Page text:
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January 19, 2009

Advocates Determined to Close Gun Show Loophole in Commonwealth

On January 13, staff from the Educational Fund to Stop Gun Violence was honored to join victims and survivors from the tragic shootings at Virginia Tech; concerned students from Longwood University; and representatives from Protest Easy Guns, the Virginia Chapters of the Million Mom March, the Virginia Center for Public Safety, and Students for Gun Free Schools as they attended a hearing of the Virginia State Crime Commission in Richmond.

The Crime Commission was scheduled to make a recommendation to the Virginia General Assembly on the Gun Show Loophole issue. The loophole allows individuals to sell firearms at gun shows without conducting criminal background checks on purchasers. The ATF has identified gun shows as the second leading source of illegally trafficked firearms in the United States, stating that “prohibited persons, such as convicted felons and juveniles, do personally buy firearms at gun shows and gun shows are sources of firearms that are trafficked to such prohibited persons … Firearms [are] diverted at and through gun shows by straw purchasers, unregulated private sellers, and licensed dealers.” An ATF investigation in Virginia found that between 2002 and 2005 more than 400 firearms sold at Richmond-area gun shows were recovered in connection with criminal activity.

The Virginia Tech Review Panel, the Virginia State Police, and an overwhelming majority of Commonwealth residents have called for the loophole to be closed. Omar Samaha, brother of Virginia Tech victim Reema Samaha, also made it clear to the Crime Commission how easy it was for him to buy handguns and assault weapons at a recent Virginia gun show from private sellers—no questions asked. “It’s like going to the store to buy a jug of milk or a candy bar,” Samaha said. “I had 10 guns in under an hour.”

Unfortunately, the Crime Commission failed to heed these recommendations, and deadlocked 6-6 on a vote to recommend that the Gun Shop Loophole be closed. The key vote was cast by House Minority Leader Delegate Ward L. Armstrong (D-Henry), who had joined the commission only days earlier. He claimed his NO vote was because of the high unemployment rate in his district, and the importance of the annual Carroll County Gun Show. This logic was not immediately clear—background checks are inexpensive and gun shows continue to thrive in states that have closed the Gun Show Loophole, such as California. Armstrong also complained about not being well briefed on the issue, but decided to vote NO anyway even after Commission Chairman David B. Albo (R-Fairfax) recommended he abstain.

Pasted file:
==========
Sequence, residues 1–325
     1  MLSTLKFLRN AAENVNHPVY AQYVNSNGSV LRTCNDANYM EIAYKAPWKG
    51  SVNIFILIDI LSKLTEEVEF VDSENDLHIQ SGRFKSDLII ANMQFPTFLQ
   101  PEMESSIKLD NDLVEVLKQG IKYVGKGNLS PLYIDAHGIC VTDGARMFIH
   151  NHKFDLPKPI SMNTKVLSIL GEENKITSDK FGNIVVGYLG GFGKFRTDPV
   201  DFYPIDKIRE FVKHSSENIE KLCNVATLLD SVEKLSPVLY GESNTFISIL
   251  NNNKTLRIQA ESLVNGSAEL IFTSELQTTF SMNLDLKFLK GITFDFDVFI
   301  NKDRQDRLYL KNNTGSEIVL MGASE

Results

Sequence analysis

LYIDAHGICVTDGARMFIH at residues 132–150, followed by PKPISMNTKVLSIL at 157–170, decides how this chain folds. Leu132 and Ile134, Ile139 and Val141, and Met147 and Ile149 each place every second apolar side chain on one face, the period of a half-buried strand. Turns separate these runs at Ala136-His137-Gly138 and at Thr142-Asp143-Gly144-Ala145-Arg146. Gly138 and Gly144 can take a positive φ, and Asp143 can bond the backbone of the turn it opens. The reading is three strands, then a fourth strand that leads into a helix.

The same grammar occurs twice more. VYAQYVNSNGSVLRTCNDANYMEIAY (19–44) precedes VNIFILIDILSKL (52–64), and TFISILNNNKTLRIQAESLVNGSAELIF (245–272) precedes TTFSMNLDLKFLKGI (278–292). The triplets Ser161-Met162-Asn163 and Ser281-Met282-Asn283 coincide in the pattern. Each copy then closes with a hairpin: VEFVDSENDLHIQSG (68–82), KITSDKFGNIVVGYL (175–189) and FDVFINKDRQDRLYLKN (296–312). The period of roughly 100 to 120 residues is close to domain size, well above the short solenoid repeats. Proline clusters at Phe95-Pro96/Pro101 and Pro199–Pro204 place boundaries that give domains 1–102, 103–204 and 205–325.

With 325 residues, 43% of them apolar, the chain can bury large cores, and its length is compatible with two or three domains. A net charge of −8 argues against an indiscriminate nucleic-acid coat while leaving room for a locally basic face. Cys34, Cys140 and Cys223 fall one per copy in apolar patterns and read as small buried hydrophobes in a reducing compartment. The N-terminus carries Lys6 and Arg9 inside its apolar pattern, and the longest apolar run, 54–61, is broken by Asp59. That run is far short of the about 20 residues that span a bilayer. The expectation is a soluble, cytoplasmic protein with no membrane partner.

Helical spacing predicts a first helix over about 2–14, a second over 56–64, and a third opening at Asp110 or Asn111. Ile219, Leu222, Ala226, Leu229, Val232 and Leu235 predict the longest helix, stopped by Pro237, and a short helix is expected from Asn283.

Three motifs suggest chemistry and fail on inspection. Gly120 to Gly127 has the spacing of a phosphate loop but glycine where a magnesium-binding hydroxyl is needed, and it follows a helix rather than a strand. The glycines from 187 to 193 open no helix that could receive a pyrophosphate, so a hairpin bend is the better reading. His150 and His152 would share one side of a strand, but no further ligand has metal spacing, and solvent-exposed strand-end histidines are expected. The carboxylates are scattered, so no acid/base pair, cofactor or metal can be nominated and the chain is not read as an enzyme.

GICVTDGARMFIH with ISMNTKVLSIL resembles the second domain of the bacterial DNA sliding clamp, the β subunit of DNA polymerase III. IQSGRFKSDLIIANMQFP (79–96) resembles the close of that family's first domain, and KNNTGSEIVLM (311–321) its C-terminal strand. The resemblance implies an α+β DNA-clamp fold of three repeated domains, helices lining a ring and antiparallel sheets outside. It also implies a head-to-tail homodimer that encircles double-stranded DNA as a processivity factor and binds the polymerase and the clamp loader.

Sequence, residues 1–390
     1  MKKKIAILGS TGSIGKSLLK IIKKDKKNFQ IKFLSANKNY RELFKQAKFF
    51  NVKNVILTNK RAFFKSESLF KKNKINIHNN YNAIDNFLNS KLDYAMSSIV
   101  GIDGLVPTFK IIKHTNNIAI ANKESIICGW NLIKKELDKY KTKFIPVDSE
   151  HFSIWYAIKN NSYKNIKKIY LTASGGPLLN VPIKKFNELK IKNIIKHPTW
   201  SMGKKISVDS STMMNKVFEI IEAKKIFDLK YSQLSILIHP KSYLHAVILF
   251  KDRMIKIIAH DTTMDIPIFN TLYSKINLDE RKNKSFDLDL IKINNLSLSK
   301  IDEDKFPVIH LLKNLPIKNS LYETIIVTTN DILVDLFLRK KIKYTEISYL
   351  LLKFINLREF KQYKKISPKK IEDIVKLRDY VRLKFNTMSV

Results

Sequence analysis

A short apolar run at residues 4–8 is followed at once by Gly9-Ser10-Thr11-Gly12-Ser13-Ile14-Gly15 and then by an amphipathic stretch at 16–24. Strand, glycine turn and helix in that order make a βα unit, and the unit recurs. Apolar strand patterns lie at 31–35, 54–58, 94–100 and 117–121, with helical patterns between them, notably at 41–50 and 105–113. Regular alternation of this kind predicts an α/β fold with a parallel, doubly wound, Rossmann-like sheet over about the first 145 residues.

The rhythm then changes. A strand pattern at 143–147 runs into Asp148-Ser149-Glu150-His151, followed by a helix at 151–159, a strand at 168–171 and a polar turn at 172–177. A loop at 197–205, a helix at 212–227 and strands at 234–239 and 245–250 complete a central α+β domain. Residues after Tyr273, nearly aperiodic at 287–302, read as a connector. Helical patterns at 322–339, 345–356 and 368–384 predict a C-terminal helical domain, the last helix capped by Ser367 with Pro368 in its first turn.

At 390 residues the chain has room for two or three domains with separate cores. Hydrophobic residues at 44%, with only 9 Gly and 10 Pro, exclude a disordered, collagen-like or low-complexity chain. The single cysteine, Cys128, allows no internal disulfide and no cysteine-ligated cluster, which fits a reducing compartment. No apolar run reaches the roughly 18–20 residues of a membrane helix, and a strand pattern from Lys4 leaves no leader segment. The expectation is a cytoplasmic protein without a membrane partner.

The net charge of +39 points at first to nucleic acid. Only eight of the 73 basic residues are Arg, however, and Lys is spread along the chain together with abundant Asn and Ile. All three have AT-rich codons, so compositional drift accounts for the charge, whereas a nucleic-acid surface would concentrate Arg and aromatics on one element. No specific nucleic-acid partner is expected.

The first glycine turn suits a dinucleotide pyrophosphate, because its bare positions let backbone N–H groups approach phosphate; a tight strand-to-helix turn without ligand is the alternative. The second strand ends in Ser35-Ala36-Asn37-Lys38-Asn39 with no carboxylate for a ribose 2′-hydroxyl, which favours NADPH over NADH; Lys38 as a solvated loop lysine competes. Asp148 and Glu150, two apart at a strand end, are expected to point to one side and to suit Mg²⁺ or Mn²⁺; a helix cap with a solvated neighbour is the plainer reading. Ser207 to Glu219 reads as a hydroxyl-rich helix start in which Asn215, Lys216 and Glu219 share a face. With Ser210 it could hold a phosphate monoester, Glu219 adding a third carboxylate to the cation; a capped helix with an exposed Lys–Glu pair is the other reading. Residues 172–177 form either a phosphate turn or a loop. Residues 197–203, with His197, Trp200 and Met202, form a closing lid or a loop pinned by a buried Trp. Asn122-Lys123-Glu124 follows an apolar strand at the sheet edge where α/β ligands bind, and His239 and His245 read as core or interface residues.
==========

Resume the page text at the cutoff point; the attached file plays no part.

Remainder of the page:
Gun violence prevention advocates were undeterred, and gathered by the Bell Tower on the State Capitol grounds immediately after the Commission hearing to conduct a Lie-In in remembrance of past victims of gun violence. Courtney Edwards, a Longwood student who lost her best friend, Nicole White, during the Virginia Tech tragedy, spoke and said, “I can't believe that they are even questioning this. I don't even understand what the question is about it." Nicole’s father, Mike White, was more blunt: “Indecision is what caused the murder of my child,” he said. “Indecision today is what will cause convicted felons, [the] mentally ill and others to walk into the next gun show and purchase a weapon in order to wreak more harm.”

The issue will now move to the Virginia General Assembly, where Senator Henry Marsh (D-Richmond) and Senator Janet Howell (D-Reston) have already introduced legislation, SB 1257, to close the Gun Show Loophole.

Advocates are committed to passing the legislation and ready for a tough fight. “I don’t care if it takes a decade,” said Lily Habtu, who was shot multiple times at Virginia Tech but survived. “No one should have to go through what I went through.” Omar Samaha agrees. “We are going to keep going until this law is changed,” he said.